NEWS for North Dakotans
Agriculture Communication, North Dakota State University
7 Morrill Hall, Fargo, ND 58105-5665

October 26, 2000

BeefTalk  BeefTalk: Weather Change Heightens 
  Awareness of Weaning Time

   By Kris Ringwall, Extension Beef Specialist,
   NDSU Extension Service

Weaning and winter. They’re almost synonymous in the beef cattle business. As daylight hours diminish and cooler October temperatures approach, producers begin to think about weaning calves in mid- to late-October -- the average weaning, or processing, time for the last 20 years.

Forage availability does not seem to move this date substantially. At the Dickinson Research Extension Center, our weaning date was set prior to spring turn out. There is little justification to lengthen the grazing season because maximum use of forage is a major goal to begin with.

Dry grazing seasons cause us to consider weaning calves earlier. At the Center, we moved cattle off grass Oct. 12, 14 days early. Because we have sufficient crop residue, we will be able to wean on Nov. 7-9 as originally planned.

In the recent past, early weaning has been discussed often but not many producers have implemented this practice.

In the only obvious trend, producers tended to work cattle a week later in the 1970s and early 1980s than they do now. For example, the average working date in 1980 and 1985 was Oct. 28 and Oct. 26, respectively. In 1990, 1995, and 1998 the average working date was Oct. 13, Oct. 17 and Oct. 16, respectively. The dry weather of the late 1980s, particularly in 1988, caused producers to work cattle early (Oct. 8). This seems to be the dividing line, because producers have remained in mid-October since then.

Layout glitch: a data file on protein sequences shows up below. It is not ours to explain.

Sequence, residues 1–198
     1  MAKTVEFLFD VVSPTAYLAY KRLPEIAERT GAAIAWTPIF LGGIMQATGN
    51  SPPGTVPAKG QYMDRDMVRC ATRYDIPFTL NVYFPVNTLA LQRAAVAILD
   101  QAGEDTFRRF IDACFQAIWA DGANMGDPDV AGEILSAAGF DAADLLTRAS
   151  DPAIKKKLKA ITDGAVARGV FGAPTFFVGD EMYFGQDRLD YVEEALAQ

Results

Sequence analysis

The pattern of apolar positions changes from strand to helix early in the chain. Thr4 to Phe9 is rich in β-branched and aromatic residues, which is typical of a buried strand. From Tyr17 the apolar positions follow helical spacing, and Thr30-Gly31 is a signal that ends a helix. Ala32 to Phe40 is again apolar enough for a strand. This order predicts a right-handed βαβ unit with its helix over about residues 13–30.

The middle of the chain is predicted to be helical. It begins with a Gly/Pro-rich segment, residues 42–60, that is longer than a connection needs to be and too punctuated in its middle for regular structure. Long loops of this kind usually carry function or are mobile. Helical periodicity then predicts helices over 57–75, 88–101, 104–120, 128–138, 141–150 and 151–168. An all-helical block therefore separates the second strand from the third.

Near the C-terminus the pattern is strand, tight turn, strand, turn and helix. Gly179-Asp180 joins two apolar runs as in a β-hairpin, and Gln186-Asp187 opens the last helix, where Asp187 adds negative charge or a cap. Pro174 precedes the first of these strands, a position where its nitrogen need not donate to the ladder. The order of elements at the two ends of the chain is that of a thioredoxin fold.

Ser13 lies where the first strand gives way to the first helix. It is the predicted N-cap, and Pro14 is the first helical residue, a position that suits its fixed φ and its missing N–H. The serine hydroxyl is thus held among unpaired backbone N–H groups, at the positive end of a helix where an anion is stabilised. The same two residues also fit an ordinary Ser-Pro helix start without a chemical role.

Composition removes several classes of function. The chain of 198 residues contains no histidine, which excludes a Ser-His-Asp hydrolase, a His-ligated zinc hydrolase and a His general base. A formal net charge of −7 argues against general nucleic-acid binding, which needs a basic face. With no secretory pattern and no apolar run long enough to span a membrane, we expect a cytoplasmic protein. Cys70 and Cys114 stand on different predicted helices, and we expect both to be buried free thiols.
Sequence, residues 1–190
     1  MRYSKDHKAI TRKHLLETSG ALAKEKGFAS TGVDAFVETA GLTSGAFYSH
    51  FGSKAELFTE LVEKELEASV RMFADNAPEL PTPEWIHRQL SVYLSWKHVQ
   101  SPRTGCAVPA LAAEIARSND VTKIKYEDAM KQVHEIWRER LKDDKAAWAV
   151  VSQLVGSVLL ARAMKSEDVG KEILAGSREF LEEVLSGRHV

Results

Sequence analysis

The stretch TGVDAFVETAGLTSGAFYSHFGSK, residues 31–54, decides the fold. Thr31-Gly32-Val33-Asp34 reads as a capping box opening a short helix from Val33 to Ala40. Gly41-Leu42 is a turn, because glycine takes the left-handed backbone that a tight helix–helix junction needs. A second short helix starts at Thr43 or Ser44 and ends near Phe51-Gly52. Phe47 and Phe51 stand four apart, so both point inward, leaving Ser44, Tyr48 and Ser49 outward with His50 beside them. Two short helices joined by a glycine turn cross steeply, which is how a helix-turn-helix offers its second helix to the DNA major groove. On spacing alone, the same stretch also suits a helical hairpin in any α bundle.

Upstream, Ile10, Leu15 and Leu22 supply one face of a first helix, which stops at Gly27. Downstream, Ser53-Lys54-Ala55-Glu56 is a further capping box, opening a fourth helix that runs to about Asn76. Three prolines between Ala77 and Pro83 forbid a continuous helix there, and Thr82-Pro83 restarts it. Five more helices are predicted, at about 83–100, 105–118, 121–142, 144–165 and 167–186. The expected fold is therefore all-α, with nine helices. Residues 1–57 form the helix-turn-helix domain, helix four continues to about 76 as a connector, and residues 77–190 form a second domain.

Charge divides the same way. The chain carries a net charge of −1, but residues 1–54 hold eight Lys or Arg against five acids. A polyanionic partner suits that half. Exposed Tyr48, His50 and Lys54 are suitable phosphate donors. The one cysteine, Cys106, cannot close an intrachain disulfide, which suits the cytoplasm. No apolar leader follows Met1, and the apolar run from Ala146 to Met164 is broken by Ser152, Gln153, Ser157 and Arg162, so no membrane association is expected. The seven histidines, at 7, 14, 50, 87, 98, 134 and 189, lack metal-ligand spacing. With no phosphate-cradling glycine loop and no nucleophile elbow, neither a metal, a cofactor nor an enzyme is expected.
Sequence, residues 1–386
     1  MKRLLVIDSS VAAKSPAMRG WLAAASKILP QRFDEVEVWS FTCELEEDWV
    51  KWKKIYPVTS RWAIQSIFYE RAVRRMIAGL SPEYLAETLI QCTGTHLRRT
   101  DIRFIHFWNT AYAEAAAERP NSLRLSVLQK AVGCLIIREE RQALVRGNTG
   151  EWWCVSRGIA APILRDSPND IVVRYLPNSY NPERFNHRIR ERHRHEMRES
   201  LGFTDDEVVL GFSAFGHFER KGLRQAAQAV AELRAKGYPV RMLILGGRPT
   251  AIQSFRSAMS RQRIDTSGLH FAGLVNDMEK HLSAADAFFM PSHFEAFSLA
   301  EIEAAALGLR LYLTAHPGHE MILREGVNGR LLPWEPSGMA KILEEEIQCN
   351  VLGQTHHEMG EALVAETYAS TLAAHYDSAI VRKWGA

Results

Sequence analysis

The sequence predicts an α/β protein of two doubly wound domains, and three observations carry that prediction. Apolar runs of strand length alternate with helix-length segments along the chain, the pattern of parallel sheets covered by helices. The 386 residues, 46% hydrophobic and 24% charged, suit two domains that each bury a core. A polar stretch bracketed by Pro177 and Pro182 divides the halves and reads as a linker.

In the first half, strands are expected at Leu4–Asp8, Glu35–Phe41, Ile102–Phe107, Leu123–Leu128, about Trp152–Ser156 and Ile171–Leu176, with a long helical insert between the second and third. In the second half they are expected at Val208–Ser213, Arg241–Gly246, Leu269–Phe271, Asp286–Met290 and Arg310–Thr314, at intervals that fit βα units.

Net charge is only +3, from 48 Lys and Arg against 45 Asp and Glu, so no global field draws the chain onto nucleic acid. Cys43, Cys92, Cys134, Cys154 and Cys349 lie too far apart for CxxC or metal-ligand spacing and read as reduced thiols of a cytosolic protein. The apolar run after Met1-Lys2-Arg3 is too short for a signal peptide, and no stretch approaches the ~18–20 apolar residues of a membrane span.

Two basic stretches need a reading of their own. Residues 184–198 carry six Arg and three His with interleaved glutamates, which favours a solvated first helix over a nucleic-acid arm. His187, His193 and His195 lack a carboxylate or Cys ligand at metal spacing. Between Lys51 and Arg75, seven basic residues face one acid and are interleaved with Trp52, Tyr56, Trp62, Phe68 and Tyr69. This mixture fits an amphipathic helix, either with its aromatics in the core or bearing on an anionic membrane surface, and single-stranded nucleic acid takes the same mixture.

I’m not sure of the real reason why producers moved their calf working dates up a week.

Generally, sometime between Oct. 10 and Oct. 31, more than half the calves that are processed through the North Dakota Beef Cattle Improvement Association (NDBCIA) are run through the chute and scale. The average over the past 20 years has been Oct. 18.

Producers seem to desire a balance between feeding harvested feed versus letting the cow/calf pairs harvest the feed themselves. The common thought is to maximize the ability of the cow to harvest and minimize the amount of additional inputs required to harvest and transport winter feed supplies. NDBCIA data suggests producers plan on cool season spring grazing, summer warm season grazing and using annual grazing crops or harvested crop aftermath until the middle of October.

Currently, once the second week of October passes, producers are ready to move cattle whenever needed. If fall residue is sufficient, calves will stay. At the first hint of old man winter, North Dakota producers are poised to move cattle. Calves will move into private backgrounding lots or straight to the local auction barn. The cows will head back to harvest the last fall forage and hopefully have another month or two of adding value to North Dakota’s most forgotten crop, assorted stubbles.

May you find all your ear tags.

Your comments are always welcome at

For more information, contact the NDBCIA, 1133 State Avenue, Dickinson, ND 58601 or go to www.CHAPS2000.COM  on the Internet. In correspondence about this column, refer to BT0010.


Source: Kris Ringwall, (701) 483-2045
Editor: Tom Jirik, (701) 231-9629


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